Future of Research Statement on the National Academies of Sciences, Engineering and Medicine Report, “The Next Generation of Biomedical and Behavioral Sciences Researchers: Breaking Through”

Future of Research Statement on the National Academies of Sciences, Engineering and Medicine Report, “The Next Generation of Biomedical and Behavioral Sciences Researchers: Breaking Through”

Future of Research has issued a statement on the National Academies of Sciences, Engineering and Medicine report, “The Next Generation of Biomedical and Behavioral Sciences Researchers: Breaking Through. You can find the text of the statement below, and a downloadable PDF version of the statement here.   *****   Future of Research endorses the recommendations in the National Academies of Sciences, Engineering and Medicine report, “The Next Generation of Biomedical and Behavioral Sciences Researchers: Breaking Through,” released on April 12, 2018. This report addresses the factors influencing transitions of trainees in biomedical and behavioral sciences into independent research careers. It offers recommendations to reform systemic issues that reduce the efficiency of these transitions, and thus affect the productivity and scientific discoveries of researchers in the United States. This report, mandated by Congress under the 21st Century Cures Act, was envisioned by Senators Tammy Baldwin (D-WI) and Susan Collins (R-ME).   Though the issues that plague the biomedical research system have long been discussed within the scientific community, the key stakeholders (such as federal agencies, private funders, and universities) have frequently abdicated their responsibility for the system. The “Breaking Through” report addresses this issue head-on. The report argues that greater transparency, accountability and shared responsibility are needed to improve the biomedical enterprise.   Many of these suggestions have been made before, and while some changes and interventions have been made, others have not been heeded and have not resolved a key issue: that this enterprise depends on a large amount of cheap, and mostly foreign, labor in the guise of training. We recognize that no stakeholder seems willing to take responsibility...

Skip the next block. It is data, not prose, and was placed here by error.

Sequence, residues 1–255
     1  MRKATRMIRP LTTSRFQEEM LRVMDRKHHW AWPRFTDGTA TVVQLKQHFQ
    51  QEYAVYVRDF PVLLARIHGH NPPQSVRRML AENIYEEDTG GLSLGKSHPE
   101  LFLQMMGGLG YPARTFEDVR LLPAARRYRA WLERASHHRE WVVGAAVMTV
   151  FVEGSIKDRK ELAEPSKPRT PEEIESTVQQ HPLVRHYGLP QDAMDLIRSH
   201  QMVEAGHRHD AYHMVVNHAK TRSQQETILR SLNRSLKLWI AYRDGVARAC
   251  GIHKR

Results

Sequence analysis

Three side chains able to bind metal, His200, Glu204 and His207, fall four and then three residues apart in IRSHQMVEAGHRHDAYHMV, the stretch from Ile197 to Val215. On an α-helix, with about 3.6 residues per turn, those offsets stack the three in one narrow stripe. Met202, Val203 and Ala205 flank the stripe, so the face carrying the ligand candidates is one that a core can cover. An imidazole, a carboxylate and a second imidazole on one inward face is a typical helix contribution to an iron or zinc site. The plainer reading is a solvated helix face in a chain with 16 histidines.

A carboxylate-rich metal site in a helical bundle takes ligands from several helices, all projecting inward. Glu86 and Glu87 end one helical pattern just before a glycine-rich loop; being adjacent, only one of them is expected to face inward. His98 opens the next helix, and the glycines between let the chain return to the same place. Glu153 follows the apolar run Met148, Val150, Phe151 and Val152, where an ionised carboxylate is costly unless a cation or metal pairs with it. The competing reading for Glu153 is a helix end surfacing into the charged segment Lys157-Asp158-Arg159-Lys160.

Postdoc salaries at the National Institutes of Health in 2016 and 2017, and advocating for NRSA stipend raises

Postdoc salaries at the National Institutes of Health in 2016 and 2017, and advocating for NRSA stipend raises

As part of our effort to make individual postdoc salaries in the U.S. more transparent, we have been carrying out Freedom of Information requests at public institutions to have a standard, albeit blunt, instrument for gathering data on postdoctoral researchers. You can find more information and data on our requests to public universities for data as of Dec 1st 2016 here; but as we continue with this project, we have recently gathered data from the National Institutes of Health for salaries for their intramural postdocs (i.e. those postdocs who work at NIH Institute laboratories).   Using Freedom of Information requests, we have gathered data for postdocs at all institutes at the NIH as of Dec 1st 2016 and Dec 1st 2017, principally in Intramural Research Training Awards (IRTA, for US Citizens and permanent residents) and Visiting Fellowships (VF, for those typically on non-immigrant visas).   The request asked for: “An excel spreadsheet which provides: The total number of postdoctoral researchers at the institute, appointed to postdoctoral intramural training awards IRTAs or as Visiting Fellows, with their job titles on both 12/1/ 2016 and 12/1/17. The annual salaries on both 12/1/16, and 12/1/17; or monthly compensation received for the payroll month of December 2016 and December 2017, of each of the postdoctoral researchers in the institute appointed to postdoctoral intramural training awards IRTAs or as Visiting Fellows.”   Here we provide a very brief overview of the data that we have gathered, which we are continuing to interrogate. A more thorough analysis will follow in due course.   Number of Postdocs The NIH’s page on Postdoctoral Programs at NIH states: “Altogether, the NIH is...
The National Academies of Sciences Engineering and Medicine report “Breaking Through” public debut on April 12th

The National Academies of Sciences Engineering and Medicine report “Breaking Through” public debut on April 12th